Rescue Earth System
Using the Regenerative Design Framework to guide the restoration of Earth’s degraded ecosystems, such as landscapes, lakes and oceans to regain their ecological functionality
The Rescue Earth System is focused on restoring ecosystems, conserving habitat, and regenerating the natural systems that sustain all life on Earth. Ecosystem restoration is defined as a process of reversing the degradation of ecosystems, such as landscapes, lakes and oceans to regain their ecological functionality; in other words, to improve the productivity and capacity of ecosystems.
This can be done by allowing the natural regeneration of overexploited ecosystems or by using the regenerative restoration principles of the Regenerative Design Framework to dynamically enhance the regenerative capacity of natural systems — to speed up regenerative capacity by focusing on natural mechanisms that can be amplified by human interventions.
Wetland restoration along the Târnava Mică (Tîrnava Mică) River in Romania. A former gravel mine (left) was transformed into a functional wetland (right).
© CEEweb for Biodiversity
The Regenerative Restoration of Ecosystems
When viewed through the lens of society, the Rescue Earth System is a global “call to action” to join the volunteer corps and to Rescue Earth from ecosystem collapse — Robin Cowl
Ecosystem restoration is fundamental to achieving the Sustainable Development Goals, mainly those on climate change, poverty eradication, food security, water and biodiversity conservation. It is also a pillar of international environmental conventions, such as the Ramsar Convention on wetlands and the Rio Conventions on biodiversity, desertification and climate change.
Currently, about 20 per cent of the planet’s vegetated surface shows declining trends in productivity with fertility losses linked to erosion, depletion and pollution in all parts of the world. By 2050 degradation and climate change could reduce crop yields by 10 per cent globally and by up to 50 per cent in certain regions.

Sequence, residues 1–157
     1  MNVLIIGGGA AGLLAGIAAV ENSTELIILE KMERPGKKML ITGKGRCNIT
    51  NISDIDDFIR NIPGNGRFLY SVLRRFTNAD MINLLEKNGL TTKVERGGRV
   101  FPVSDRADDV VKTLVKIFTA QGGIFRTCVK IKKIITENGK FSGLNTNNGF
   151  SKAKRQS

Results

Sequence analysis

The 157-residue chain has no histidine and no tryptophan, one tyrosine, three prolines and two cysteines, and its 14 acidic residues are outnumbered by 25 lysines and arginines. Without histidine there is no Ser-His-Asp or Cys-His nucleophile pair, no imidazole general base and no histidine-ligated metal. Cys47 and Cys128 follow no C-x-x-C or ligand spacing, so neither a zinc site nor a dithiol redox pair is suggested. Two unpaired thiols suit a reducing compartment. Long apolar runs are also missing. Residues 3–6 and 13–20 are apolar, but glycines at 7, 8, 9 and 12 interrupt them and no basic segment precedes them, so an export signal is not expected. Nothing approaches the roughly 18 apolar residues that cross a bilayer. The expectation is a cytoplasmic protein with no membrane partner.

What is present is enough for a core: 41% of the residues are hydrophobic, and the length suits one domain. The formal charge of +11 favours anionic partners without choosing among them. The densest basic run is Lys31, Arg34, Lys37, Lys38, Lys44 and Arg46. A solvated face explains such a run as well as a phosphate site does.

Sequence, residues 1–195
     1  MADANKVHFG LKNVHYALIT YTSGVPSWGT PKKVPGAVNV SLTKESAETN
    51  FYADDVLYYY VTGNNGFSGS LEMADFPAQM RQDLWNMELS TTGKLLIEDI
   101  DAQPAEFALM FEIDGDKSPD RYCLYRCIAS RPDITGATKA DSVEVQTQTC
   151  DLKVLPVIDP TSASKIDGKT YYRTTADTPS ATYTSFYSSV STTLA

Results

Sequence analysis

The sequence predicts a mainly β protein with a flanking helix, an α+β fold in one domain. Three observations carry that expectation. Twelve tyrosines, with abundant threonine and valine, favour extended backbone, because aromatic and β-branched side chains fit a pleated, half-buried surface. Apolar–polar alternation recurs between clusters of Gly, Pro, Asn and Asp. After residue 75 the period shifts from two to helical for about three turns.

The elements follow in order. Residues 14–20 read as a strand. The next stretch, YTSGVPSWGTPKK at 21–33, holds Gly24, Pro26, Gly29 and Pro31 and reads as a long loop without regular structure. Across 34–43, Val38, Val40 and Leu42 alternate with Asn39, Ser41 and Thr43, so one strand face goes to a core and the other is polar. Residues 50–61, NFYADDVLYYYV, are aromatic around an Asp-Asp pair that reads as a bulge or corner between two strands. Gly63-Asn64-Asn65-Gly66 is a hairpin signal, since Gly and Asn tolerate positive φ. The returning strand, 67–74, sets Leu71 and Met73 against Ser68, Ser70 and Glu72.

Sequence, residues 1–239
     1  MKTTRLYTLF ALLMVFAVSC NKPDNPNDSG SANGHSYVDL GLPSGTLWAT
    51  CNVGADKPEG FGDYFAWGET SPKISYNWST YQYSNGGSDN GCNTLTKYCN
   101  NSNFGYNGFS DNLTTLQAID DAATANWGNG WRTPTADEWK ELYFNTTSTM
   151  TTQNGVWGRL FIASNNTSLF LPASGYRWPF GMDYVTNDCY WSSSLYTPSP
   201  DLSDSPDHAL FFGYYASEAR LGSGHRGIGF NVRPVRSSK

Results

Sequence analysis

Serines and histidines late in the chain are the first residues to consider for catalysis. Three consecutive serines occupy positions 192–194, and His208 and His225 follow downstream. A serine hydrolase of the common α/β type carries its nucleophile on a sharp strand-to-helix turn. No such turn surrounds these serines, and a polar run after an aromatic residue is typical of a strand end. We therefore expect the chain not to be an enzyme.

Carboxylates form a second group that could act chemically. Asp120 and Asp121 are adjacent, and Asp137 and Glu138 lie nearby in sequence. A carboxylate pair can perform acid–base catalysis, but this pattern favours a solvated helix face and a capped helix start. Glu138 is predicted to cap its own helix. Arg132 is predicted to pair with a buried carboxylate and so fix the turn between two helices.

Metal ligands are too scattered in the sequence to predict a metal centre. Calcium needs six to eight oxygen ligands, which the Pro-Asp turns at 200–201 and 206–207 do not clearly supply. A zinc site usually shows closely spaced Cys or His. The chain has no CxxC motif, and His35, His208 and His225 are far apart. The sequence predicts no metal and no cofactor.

From Degradation to Ecosystem Restoration
Bad Land Management leads to drought, soil erosion and desertification. In contrast, Ecosystem Restoration restores soil and water cycles and reverses desertification.
SEE the infographic below …
Ecosystem Restoration Camps are a practical, hands on way to restore land degraded by humans. Our mission is to work with local communities and build camps that transform degraded landscapes into lush, abundant, life-giving ecosystems.
There are many areas throughout the world that are severely degraded. Although the erosion of this landscape in Kenya can never be repaired to its original state — we can (for example) restore ecological function by using Leaky Check Dams to capture soil and rehydrate the gullys (dongas) and nature will return.
Ecosystem restoration and regenerative development together offer a practical pathway to redesign the human impact on Earth. This is the path towards becoming healers of the Earth and in the process heal ourselves and our relationships with each other and the community of life. We are all called to join together and to overcome the silos between disciplines, sectors and ideologies in an unprecedented collaborative effort to restore ecosystems everywhere and to heal the Earth — Daniel Christian Wahl